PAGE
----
There's a parallel there to life, I know, but in writing, it makes me realize how often plot lines and characters masquerade as the Real Thing when in fact they're fakes of what should really be there, and when I'm further along in the manuscript, to where all of these things should be "bearing fruit," as it were, and I find instead that I still have a mess of greenery that is sucking the life from the story -- then I get ticked off, and have a serious weedfest.

Learning to identify the real story before you get too far is a good thing that I wish I could learn more readily, because more often than not, I have to go backwards, and rip-rip-rip out those weeds.

Delete, delete, delete. My favorite little button.

Good luck digging in your clay. Add some amendment, so that while you're not looking the soil will loosen up and worms will come and do your aerating for you. (I think reading lots of books must be that passive amendment process... those books will percolate and inform your creativity, plot-building and storytelling skills later on.)

Word verification: wrisish. Sounds like the sound the shovel makes when it bends.

Tricia J. O'Brien said...

Fascinating post, Yat-Yee. I like to think of the roots embedded in the soil as the backstory we don't need to tell but it needs to be underneath the story, grounding it, giving it nourishment.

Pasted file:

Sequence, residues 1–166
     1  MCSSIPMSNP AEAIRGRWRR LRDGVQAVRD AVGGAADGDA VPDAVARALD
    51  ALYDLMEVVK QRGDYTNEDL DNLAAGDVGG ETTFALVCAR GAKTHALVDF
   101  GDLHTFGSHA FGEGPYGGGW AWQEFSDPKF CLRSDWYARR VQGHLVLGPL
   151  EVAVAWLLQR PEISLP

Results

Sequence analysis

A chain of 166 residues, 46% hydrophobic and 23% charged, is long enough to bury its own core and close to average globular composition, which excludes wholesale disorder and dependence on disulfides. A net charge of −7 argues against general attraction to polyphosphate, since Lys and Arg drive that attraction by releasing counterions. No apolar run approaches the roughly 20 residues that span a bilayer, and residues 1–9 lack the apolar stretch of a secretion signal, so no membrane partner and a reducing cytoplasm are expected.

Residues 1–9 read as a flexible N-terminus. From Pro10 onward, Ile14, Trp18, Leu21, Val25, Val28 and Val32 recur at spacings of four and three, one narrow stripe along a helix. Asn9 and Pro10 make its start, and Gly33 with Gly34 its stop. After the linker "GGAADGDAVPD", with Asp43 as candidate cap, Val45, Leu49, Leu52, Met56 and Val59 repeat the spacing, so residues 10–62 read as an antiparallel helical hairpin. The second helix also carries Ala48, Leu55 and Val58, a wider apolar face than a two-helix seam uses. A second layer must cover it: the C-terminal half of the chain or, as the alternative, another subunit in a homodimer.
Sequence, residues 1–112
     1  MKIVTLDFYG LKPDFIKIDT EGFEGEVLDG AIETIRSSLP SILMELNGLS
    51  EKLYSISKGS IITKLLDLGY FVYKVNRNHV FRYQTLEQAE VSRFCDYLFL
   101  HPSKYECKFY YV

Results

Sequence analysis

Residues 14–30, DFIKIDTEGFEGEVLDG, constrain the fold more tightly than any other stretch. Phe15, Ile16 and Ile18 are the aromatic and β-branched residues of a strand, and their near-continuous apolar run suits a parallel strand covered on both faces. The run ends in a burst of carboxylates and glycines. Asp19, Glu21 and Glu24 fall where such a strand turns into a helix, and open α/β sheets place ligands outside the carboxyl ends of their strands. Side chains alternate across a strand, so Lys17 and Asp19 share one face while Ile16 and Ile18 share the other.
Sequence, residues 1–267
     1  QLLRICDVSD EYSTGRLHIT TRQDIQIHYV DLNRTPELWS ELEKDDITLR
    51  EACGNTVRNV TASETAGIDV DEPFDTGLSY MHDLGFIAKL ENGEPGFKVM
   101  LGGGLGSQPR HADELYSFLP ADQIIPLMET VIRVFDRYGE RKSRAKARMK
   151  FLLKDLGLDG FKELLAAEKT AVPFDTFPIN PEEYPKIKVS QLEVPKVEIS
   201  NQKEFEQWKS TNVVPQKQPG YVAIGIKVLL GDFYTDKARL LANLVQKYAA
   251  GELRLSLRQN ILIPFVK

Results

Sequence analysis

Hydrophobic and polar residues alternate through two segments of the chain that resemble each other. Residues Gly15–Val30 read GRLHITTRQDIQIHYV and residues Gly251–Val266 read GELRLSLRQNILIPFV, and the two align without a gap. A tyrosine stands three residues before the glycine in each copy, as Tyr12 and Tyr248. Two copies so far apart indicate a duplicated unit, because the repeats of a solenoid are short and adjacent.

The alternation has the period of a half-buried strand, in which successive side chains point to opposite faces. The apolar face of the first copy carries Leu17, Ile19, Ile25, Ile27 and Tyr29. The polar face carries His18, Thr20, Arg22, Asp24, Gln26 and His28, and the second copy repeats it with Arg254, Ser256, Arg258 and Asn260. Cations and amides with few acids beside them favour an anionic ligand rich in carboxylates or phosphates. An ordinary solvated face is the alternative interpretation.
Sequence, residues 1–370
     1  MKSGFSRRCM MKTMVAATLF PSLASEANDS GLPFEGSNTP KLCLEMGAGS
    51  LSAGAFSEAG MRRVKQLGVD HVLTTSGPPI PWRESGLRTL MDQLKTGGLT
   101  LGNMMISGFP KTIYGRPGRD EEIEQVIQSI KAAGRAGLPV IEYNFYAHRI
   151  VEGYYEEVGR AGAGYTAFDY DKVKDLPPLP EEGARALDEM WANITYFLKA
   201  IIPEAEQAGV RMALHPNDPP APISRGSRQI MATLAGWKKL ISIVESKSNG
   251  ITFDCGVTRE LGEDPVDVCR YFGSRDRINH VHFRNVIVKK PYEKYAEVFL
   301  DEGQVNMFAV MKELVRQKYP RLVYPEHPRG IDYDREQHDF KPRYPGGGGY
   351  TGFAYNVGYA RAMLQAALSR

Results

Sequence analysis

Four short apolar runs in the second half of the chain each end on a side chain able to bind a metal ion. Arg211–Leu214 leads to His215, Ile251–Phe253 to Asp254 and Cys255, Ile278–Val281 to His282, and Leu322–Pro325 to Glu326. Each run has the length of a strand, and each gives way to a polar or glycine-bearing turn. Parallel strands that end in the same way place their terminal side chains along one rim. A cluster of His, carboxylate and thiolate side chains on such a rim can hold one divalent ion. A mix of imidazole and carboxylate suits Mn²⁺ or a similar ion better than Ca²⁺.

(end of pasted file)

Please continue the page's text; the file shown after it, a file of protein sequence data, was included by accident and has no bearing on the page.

Yat-Yee said...

Your analogies are priceless. I knew I'd get some gems when I put out the call! Love the worms and the soil amendment/reading. And yes, those obnoxious weeds that look so much like the real thing: we have those bind weed things with the pretty little white/lavender flowers, that are choking everything to death!

And of course the roots as essential back story that doesn't need to be seen.

MG: I have two butterfly bushes too. Trimming and shaping trees and stories, love it.

Sherrie: black thumbs huh? Is that from tool mishaps? :)

Kelly H-Y: welcome to my blog. I am actually a reluctant gardener, although every time I drag myself out there and my hands are in the dirt, it is very settling and satisfying.

John the Scientist said...

The last time I worked in the yard, I wound up whacking 2 snakes with a shovel. That is either a metaphor for getting rid of characters that have to go, or eliminating distractions so you can write.

Not sure which.

Yat-Yee said...

I want to whack two snakes on the head! Or maybe only if someone else gets rid of them afterwards.

How about one snake represents characters that need to be eliminated, and the other one distractions?

Nandini said...

Don't have time to get into all the priceless lessons gardening has taught me, but here's a couple off the top of my head.